Mental illness stands tall in ‘Next to Normal’ musical

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Mental illness stands tall in ‘Next to Normal’ musical

The Award-winning musical and rock opera 'Next to Normal' provides people who are affected by bipolar disorder a chance to be represented as accurately as possible in a creative work. 

The Award-winning musical and rock opera 'Next to Normal' provides people who are affected by bipolar disorder a chance to be represented as accurately as possible in a creative work. 

Amy Boyle Photography

The Award-winning musical and rock opera 'Next to Normal' provides people who are affected by bipolar disorder a chance to be represented as accurately as possible in a creative work. 

Amy Boyle Photography

Amy Boyle Photography

The Award-winning musical and rock opera 'Next to Normal' provides people who are affected by bipolar disorder a chance to be represented as accurately as possible in a creative work. 

By ARTS & CULTURE REPORTER

“Next to Normal”—a Pulitzer Prize-winning musical following the struggles of a suburban mother living with bipolar disorder—brings mental illness representation to the Boho Theatre’s final production of the season. 

Madison Kennedy, a junior theatre major at Columbia and assistant stage manager for the musical, has bipolar disorder and is gratified by the play’s portrayal of mental illness.

“I’ve seen a lot of movies and television shows and other forms of media that depict bipolar disorder, and I feel, out of everything I’ve seen, [‘Next to Normal’] is the most accurate,” Kennedy said.

The play, which opened Aug. 9 and will run until Oct. 9 at Theater Wit, 1229 W. Belmont Ave. 

The musical ran on Broadway in 2009 and won three Tony awards, lending music to the experiences of Diana Goodman, a woman who finds the treatment for her illness comes at a  cost—damage to her emotions, personality and memory. 

What makes the portrayal of Diana rare is breaking stereotypes.

“People just want to see [those with mental illness] snap and ‘go crazy,’” Kennedy said. “They just push everyone to the side that [are] high-functioning.”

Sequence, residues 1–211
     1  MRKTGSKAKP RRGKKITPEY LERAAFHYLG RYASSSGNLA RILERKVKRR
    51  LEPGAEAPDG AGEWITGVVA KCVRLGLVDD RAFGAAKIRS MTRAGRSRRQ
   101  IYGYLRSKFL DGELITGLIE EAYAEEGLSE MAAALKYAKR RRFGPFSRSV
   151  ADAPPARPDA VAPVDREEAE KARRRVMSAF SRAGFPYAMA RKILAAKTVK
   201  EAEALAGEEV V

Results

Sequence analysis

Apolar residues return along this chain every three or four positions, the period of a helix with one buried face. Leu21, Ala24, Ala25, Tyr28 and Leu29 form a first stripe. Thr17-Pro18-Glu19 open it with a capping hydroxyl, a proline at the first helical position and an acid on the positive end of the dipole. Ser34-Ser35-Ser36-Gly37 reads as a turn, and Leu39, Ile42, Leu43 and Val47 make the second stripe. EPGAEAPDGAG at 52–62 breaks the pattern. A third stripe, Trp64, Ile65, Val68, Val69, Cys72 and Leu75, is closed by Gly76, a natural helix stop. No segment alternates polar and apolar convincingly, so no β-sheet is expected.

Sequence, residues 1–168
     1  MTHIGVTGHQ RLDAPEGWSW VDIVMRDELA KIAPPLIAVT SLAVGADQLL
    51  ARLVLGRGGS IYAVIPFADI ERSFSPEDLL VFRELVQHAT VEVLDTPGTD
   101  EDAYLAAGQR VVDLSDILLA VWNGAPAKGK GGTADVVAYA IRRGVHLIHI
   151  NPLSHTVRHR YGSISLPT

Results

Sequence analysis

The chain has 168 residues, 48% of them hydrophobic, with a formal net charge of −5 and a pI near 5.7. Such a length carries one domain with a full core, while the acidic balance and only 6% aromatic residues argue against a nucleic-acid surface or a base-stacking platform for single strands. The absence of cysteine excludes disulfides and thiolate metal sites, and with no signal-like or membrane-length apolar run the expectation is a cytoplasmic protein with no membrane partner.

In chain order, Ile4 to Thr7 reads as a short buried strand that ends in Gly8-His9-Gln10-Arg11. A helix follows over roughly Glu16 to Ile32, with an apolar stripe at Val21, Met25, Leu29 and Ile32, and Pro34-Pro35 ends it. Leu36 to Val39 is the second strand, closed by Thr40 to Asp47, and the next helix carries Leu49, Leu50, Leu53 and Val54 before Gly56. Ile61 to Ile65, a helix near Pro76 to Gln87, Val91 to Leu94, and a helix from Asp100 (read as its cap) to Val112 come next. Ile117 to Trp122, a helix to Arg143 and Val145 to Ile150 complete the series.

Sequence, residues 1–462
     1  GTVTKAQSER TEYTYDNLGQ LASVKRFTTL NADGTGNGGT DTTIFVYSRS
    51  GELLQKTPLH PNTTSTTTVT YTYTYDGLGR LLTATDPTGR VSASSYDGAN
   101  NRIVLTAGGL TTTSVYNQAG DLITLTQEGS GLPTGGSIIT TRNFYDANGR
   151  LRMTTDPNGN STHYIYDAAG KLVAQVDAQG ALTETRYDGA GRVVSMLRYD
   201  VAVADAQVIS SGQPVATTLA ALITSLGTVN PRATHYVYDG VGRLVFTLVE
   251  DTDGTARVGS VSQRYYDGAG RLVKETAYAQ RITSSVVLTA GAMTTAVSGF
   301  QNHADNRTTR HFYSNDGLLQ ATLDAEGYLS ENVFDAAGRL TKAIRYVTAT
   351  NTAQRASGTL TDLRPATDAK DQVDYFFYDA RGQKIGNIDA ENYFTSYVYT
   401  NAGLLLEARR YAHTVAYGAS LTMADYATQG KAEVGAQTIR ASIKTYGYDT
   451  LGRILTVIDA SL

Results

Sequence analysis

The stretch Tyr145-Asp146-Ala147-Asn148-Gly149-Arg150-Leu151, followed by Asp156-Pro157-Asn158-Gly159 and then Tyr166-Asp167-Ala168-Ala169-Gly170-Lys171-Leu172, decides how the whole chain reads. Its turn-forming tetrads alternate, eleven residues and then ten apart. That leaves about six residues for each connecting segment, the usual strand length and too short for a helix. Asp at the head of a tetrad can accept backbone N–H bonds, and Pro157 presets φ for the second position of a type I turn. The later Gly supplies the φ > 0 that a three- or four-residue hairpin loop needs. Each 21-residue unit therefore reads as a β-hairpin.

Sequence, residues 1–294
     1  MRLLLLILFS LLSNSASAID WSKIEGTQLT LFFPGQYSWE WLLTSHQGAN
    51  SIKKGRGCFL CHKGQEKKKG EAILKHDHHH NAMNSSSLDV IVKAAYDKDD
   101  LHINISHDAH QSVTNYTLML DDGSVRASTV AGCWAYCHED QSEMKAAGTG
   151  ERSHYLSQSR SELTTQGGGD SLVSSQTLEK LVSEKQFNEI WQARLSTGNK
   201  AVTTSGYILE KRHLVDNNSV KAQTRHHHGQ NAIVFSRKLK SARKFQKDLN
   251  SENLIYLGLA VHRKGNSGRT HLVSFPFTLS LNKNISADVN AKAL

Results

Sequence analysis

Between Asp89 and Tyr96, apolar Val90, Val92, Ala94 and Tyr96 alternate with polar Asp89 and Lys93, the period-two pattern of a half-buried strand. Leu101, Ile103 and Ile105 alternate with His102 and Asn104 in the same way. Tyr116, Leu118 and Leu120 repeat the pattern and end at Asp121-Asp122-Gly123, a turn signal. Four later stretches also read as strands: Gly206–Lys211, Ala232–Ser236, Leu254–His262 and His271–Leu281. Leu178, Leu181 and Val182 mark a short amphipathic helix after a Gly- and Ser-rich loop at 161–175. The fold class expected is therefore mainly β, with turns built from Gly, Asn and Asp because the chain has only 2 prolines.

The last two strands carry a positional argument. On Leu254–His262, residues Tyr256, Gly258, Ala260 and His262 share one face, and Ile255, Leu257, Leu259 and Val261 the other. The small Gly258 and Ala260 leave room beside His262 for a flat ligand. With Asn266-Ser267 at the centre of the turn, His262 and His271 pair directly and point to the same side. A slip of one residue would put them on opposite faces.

It is vital to have a continuing discussion about the way mental illness is represented in media, according to Jennifer McGowan, associate director of the National Alliance on Mental Illness.

“One of the ways stigma is perpetuated is through popular culture,” McGowan said. “Because of the stigma, [people] might not seek treatment.” 

Kennedy said the show intelligently explains what it is like to live with bipolar disorder—a task Kennedy admits is a challenge.

“You try so hard to explain it, but you can’t,” she said, describing her frustration with detailing the emotions that come from mania—a symptom associated with extremely high moods and delusions—and depression.

Kennedy was comforted “Next to Normal” let audience members see the symptoms of this illness for themselves. Typically, people with this condition are burdened with explaining it to those around them.

Colette Todd, who plays the lead role of Diana in the Boho production, put a lot of thought and research into her portrayal.

“It was important to me that I brought a realness [to portraying Diana] so people can connect to her and understand her plight ,” Todd said. “Otherwise, she just becomes a stereotype.”

Todd said she has a history of mental illness in her family, so she understood the importance of not perpetuating stereotypes.

McGowan thinks stories of recovery can lighten the burden of stereotypes, bringing a needed balance to representation of mental illness. 

“We would love to see more of an emphasis on the ability to live in recovery for individuals [living] with a variety of mental health conditions, as they do every day in real life,” McGowan said.

detailing the emotions that come from a cycle of mania—a symptom associated with extremely high moods and delusions—and depressive episodes.

Kennedy was comforted that “Next to Normal” allows audience members to see the symptoms of this mental illness for themselves. Typically, people who are affected by bipolar disorder are burdened with explaining their illness to the those around them.

Colette Todd, who plays the lead role of Diana Goodman in the Boho’s  production, said she put a lot of thought into her portrayal of the character.

“It was important to me that I brought a realness [to portraying Diana,] so people can connect to her and understand her plight,” Todd explained. “Otherwise, she just becomes a stereotype.” 

Todd said she has a history of mental illness in her family, so she understood the importance of not perpetuating stereotypes.

McGowan said she thinks stories of recovery can lighten the burden of stereotypes, bringing a needed balance to representation of mental illness in media. 

“We would love to see more of an emphasis on the ability to live in recovery for individuals [living] with a variety of mental health conditions, as they do every day in real life,” McGowan said.

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